Mattis delivers Europe with a pay up ultimatum but NATO is not “obsolete”

STEPHANIE LECOCQ

(L-R) British Defence Minister Michael Fallon, NATO Secretary General Jens Stoltenberg, US Defence Minister James Mattis, attend the second day of the NATO Defense Ministers council at Alliance headquarters, in Brussels, Belgium, 16 February 2017. Nato defense ministers are gathering for a two-day meeting.

Mattis delivers Europe with a pay up ultimatum but NATO is not “obsolete”


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US Defense Secretary Mattis has delivered an ultimatum to NATO Allies, calling them to increase military spending or face Washington’s “moderate” commitment.

The 66-year old so-called “mad-dog” Mattis is a renowned marine with an understanding of its significance in Europe.

“If your nations do not want to see America moderate its commitment to this alliance, each of your capitals needs to show support for our common defense,” Mattis said. European member states of NATO have committed to a 2% GDP expenditure on defense, which so far only four states other than the United State adhere to: Britain, Poland, Estonia, and Greece.

However, this is less than calling NATO “obsolete,” as President Trump did during his campaign trail. And the recognition that NATO is “a fundamental bedrock for the United States, and for all the transatlantic community,” released some tension.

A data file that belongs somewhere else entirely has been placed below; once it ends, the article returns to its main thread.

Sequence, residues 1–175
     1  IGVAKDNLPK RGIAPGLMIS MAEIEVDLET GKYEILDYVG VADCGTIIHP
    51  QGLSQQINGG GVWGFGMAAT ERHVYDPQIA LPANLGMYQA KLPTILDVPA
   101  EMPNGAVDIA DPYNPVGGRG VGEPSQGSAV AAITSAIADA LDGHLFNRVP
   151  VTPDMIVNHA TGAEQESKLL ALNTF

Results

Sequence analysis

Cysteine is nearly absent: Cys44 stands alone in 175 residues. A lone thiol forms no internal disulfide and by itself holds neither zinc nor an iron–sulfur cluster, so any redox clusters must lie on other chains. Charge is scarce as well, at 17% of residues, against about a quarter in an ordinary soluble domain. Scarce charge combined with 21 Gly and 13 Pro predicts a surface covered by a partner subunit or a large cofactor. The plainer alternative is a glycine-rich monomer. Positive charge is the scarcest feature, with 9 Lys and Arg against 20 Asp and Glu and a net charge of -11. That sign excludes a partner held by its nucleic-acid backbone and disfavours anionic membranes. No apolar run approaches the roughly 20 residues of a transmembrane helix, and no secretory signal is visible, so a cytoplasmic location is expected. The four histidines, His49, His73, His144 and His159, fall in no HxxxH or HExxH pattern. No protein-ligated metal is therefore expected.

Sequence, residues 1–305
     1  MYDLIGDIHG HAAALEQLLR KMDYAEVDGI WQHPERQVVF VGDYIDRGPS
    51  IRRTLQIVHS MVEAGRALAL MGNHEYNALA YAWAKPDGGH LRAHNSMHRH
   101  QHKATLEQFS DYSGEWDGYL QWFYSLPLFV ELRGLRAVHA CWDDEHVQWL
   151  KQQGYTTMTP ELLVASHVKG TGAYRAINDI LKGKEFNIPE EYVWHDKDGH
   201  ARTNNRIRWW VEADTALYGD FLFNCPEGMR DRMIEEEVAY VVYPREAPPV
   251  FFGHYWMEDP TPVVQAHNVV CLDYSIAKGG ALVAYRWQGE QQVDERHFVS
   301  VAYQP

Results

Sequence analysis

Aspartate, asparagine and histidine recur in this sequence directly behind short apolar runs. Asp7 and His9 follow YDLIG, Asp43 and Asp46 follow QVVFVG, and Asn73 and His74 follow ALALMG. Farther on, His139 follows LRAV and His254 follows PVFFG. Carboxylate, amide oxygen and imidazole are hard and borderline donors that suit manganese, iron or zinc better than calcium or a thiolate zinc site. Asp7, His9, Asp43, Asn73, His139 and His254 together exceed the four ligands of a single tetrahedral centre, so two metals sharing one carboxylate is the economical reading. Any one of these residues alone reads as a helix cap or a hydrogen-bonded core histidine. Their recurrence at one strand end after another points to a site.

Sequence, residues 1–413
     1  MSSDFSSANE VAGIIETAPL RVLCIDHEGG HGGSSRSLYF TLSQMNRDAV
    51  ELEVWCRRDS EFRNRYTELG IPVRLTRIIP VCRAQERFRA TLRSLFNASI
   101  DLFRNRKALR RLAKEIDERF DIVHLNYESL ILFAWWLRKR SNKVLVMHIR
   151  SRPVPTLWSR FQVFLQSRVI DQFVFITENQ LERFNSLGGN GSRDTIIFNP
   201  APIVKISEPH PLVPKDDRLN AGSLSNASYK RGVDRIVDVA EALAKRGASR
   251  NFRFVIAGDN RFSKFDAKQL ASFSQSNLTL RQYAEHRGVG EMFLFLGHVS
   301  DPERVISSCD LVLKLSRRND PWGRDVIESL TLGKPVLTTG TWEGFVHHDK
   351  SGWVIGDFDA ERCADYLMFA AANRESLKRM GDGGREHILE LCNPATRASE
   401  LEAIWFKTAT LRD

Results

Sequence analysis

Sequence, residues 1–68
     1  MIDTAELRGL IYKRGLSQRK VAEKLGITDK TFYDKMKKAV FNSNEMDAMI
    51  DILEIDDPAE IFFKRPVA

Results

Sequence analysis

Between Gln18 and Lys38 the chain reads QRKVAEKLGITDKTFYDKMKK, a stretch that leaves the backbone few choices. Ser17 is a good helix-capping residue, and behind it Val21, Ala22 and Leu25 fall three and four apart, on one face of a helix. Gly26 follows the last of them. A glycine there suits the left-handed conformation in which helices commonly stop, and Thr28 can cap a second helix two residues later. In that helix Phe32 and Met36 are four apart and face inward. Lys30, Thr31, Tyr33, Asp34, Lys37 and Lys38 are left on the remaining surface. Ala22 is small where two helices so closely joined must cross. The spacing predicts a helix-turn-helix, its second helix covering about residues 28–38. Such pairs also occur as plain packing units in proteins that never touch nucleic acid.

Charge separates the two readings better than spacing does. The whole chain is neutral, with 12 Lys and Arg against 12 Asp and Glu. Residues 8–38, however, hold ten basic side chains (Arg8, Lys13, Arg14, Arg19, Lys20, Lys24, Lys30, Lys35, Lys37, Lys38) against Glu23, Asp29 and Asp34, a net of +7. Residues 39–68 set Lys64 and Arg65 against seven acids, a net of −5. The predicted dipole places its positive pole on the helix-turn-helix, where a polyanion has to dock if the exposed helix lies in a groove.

NATO Secretary General Jens Stoltenberg reiterated the need for increased expenditure, while the German Defense Minister, Ursula von der Leyen, recognized that Washington was a “fair point.” U.K’s Defense Secretary Michael Fallon called for a commitment to an annual increase from each member as a sign of “good faith.”

NATO Secretary General Jens Stoltenberg said making sure members met their obligations was his “top priority,” and that, despite an increase in spending in 2016, more needed to be done.

NATO’s members with the biggest economies spend well below 2% of their GDP: France spends 1.78%, Turkey 1.56%, Germany 1.19%, and Italy 1.11%.

 

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